On the contrary, Consumer durables are low volume products with high per unit value. It is also known as White Goods or Brown Goods. White goods include Refrigerators, Freezers, Washing Machines, Dishwashers, and Microwaves etc; while Brown goods include TVs, DVD players, Home Theatres, Camcorders, Game consoles like Microsoft ZBox 360, Sony Playstation, Nintendo WI, personal computers etc.
When the goods are not classified as White goods or brown goods, then it is called white goods on the whole, which also includes household electronics items, earlier categorised under brown goods.
3. Soft Goods:
Soft goods are relatively priced higher than the FMCGs and lesser than the consumer durables. These goods are also low volume in nature, as it requires a shorter replacement cycle. For examples – Clothing Material, Apparels, Shoes etc.
4. Yellow Goods:
Besides white and brown goods, there is another not so popular classification of Yellow Goods. Yellow Goods include material for construction and earth moving equipment, fork lift trucks and quarrying equipment. The term is also used for agricultural equipment like tractors.
Beside the goods, consumer markets also require a lot of services. Goods are physical, tangible articles, while Services are nonphysical and intangible in nature. Services can also satisfy a need like goods. Financial services, Banking, Telecom, DTH, Courier, Hotel, Airline, Multiplex, Train, Doctors, Lawyers, Healthcare and Management Consultancy are all examples of services.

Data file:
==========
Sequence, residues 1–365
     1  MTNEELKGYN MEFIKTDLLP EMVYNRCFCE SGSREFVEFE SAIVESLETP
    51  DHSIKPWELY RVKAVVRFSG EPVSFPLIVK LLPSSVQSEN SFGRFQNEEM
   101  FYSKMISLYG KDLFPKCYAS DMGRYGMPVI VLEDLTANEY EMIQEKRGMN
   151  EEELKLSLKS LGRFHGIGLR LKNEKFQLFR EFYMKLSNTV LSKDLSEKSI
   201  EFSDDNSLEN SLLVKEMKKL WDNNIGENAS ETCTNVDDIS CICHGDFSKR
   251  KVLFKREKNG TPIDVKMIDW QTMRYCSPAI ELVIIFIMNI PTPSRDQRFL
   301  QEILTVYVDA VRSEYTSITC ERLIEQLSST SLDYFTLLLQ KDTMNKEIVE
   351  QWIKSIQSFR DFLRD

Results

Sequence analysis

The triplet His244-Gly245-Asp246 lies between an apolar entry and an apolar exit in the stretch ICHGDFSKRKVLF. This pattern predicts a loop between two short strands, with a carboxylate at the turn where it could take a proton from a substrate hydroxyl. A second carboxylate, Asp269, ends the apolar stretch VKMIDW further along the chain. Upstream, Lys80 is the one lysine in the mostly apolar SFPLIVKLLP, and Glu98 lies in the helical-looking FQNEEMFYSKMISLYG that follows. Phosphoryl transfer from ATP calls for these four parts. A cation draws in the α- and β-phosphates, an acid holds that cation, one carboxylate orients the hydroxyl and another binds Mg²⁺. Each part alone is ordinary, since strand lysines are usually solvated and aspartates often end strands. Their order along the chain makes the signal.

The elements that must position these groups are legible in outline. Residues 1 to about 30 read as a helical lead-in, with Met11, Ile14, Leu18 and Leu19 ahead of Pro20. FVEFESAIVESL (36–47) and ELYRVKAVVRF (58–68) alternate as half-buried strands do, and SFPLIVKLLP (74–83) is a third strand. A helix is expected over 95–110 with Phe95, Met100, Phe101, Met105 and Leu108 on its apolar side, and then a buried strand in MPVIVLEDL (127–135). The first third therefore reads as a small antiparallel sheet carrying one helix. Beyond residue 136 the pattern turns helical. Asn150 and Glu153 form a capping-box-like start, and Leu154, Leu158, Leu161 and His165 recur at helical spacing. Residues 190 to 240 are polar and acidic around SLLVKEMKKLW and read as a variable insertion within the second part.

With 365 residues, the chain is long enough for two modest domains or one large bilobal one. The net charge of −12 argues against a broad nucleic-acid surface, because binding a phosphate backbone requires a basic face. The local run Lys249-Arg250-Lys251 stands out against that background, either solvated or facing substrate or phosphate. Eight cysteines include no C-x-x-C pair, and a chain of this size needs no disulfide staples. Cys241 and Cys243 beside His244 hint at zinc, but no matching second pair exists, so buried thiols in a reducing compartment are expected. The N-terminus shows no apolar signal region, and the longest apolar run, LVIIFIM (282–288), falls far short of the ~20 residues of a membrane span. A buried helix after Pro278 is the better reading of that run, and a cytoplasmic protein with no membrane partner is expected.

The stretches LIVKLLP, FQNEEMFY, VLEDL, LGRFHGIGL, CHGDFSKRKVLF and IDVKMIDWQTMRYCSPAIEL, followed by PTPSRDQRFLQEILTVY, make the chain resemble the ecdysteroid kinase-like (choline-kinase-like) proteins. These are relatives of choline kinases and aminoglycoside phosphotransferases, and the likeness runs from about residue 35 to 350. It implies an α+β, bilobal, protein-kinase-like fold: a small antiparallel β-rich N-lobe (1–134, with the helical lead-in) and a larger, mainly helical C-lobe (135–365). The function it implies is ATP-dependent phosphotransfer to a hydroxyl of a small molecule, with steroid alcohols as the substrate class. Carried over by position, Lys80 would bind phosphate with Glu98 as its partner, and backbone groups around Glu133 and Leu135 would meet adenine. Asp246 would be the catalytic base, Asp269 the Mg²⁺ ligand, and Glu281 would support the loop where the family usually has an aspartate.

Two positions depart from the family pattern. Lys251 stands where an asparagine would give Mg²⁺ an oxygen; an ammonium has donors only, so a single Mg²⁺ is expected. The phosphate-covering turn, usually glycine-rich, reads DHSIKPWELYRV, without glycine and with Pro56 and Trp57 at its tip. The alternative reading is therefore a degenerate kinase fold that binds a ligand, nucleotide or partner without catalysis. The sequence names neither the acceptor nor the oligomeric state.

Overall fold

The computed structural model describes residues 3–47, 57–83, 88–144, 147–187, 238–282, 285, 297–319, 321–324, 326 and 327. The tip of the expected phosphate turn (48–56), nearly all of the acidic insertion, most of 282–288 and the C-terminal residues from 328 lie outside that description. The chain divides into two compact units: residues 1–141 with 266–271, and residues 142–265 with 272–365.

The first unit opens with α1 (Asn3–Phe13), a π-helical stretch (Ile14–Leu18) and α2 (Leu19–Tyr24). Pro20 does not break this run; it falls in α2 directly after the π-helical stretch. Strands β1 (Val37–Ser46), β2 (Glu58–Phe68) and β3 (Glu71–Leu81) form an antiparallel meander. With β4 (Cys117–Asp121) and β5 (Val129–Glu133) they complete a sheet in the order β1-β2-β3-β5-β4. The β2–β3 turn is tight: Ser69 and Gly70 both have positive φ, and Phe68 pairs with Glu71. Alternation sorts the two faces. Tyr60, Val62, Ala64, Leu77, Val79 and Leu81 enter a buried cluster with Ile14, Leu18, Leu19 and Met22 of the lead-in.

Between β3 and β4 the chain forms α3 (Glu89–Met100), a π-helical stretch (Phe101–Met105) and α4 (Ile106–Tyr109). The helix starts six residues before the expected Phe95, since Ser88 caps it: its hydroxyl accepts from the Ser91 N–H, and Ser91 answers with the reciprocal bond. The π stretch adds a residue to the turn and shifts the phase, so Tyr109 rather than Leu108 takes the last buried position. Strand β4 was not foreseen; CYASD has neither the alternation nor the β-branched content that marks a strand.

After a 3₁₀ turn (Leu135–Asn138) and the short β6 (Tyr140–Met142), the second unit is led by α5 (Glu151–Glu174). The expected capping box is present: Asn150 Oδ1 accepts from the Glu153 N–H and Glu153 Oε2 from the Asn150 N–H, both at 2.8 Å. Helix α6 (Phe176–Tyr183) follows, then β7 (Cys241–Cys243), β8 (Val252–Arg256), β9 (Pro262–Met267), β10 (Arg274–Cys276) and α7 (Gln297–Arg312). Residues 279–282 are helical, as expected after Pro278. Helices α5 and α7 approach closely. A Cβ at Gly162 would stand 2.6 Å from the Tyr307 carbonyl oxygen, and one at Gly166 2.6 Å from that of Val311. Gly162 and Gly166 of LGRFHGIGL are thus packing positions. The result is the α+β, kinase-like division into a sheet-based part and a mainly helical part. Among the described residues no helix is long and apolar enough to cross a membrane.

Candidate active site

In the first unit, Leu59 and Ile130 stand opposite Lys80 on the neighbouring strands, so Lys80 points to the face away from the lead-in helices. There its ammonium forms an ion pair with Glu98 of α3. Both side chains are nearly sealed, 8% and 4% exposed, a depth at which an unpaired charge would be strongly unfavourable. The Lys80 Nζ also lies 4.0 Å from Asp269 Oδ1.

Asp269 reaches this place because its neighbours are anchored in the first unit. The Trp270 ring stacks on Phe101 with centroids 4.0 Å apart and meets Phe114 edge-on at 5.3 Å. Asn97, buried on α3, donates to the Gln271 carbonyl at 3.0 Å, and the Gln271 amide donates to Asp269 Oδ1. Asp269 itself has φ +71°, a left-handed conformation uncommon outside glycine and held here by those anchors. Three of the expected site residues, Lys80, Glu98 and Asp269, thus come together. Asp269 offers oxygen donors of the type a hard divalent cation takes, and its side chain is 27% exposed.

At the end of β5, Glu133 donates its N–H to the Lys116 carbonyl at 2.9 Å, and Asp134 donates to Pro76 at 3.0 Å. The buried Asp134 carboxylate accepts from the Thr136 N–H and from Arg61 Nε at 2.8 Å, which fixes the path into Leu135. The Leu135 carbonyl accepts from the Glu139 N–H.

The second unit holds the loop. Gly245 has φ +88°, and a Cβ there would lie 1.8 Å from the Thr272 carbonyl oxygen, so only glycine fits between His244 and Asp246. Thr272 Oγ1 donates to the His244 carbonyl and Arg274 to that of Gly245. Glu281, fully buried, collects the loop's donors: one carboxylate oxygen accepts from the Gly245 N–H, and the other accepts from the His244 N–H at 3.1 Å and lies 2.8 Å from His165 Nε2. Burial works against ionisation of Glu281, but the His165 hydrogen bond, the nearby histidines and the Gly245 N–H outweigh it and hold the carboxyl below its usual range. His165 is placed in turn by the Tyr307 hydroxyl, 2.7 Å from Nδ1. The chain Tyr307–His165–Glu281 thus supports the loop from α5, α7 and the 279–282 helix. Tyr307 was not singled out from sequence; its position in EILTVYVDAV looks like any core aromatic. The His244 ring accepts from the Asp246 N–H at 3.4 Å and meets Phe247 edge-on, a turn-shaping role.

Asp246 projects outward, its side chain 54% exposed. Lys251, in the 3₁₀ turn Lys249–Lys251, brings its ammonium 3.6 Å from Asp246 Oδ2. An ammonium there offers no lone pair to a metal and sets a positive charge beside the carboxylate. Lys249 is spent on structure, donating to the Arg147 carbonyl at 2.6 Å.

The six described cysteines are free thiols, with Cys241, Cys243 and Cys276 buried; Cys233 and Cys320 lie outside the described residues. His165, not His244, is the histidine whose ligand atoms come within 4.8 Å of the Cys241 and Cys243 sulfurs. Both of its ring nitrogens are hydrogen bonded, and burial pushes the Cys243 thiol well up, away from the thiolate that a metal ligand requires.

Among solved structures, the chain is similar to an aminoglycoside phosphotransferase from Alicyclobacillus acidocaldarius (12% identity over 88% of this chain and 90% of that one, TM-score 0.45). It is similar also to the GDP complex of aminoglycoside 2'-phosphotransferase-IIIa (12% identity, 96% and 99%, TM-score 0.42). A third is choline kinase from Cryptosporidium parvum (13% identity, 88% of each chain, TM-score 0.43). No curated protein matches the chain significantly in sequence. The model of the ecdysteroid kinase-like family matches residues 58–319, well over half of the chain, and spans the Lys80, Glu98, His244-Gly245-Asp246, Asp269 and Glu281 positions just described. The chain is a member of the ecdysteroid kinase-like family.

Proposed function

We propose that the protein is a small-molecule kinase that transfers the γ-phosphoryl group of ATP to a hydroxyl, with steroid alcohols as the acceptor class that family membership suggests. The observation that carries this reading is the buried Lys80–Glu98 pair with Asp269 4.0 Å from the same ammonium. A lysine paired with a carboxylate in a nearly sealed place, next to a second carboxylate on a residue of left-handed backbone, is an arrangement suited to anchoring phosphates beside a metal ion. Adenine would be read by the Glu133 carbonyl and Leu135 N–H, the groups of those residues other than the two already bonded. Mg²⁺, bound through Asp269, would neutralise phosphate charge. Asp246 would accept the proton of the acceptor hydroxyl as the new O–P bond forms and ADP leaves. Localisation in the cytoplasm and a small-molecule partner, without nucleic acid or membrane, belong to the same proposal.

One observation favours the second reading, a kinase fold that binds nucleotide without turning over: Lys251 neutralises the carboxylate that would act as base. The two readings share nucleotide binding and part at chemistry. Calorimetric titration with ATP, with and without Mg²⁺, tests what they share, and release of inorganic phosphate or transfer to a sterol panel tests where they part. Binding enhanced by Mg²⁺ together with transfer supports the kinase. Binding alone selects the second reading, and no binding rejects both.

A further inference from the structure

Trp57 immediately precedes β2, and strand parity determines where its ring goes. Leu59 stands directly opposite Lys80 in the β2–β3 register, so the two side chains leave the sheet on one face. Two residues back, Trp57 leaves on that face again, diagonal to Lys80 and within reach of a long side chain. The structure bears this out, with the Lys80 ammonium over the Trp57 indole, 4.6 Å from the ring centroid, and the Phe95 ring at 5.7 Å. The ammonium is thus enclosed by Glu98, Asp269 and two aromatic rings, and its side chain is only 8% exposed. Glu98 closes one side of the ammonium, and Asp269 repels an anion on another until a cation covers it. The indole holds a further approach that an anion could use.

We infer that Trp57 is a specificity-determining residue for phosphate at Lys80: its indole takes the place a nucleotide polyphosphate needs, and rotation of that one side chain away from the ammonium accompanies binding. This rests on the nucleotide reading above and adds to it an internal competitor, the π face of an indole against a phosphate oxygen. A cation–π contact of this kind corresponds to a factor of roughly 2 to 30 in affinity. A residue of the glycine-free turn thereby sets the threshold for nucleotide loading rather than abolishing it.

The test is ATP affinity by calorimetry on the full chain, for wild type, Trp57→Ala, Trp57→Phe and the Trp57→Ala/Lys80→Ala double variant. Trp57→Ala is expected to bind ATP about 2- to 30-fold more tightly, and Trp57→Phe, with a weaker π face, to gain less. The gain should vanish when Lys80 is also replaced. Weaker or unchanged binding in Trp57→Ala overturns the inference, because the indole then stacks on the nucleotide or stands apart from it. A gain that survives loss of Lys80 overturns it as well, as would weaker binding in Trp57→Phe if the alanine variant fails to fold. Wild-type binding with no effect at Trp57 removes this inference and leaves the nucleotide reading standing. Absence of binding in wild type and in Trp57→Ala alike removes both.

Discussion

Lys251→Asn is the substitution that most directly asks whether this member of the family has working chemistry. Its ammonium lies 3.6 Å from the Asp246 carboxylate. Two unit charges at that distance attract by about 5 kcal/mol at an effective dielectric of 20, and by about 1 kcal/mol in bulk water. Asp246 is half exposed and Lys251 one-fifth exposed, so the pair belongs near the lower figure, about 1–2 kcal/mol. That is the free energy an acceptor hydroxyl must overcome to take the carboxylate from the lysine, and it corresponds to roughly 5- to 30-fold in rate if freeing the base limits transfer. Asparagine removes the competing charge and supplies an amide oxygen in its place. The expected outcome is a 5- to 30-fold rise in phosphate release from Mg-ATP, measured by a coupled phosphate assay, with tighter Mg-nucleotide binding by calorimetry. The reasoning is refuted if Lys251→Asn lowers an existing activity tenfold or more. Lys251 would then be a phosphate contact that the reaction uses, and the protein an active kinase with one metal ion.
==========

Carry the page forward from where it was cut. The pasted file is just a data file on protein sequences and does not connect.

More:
Services require an additional set of marketing mix tools than the goods market like people, process and physical evidence, besides the 4Ps – product, price, place and promotion.
Market – 2 Important Methods for Estimating Area Market Demand
1. Market Build-Up Method:
The market build-up method requires identifying all the potential buyers in each market and estimating their potential purchases. Suppose a manufacturer of mining instruments invented an instrument for assessing the gold content in gold-bearing ores. The instrument can be used in the field to test gold ore. With the help of it miners would not waste their time digging deposits of ore containing too little gold to be commercially profitable.
Each mine would buy one or more such instrument depending on the mine’s size. The company wants to determine the market potential for this instrument in each mining area and whether to hire a sales person to cover that area. The company would place a salesperson in each area that has a market potential of Rs.5,00,000.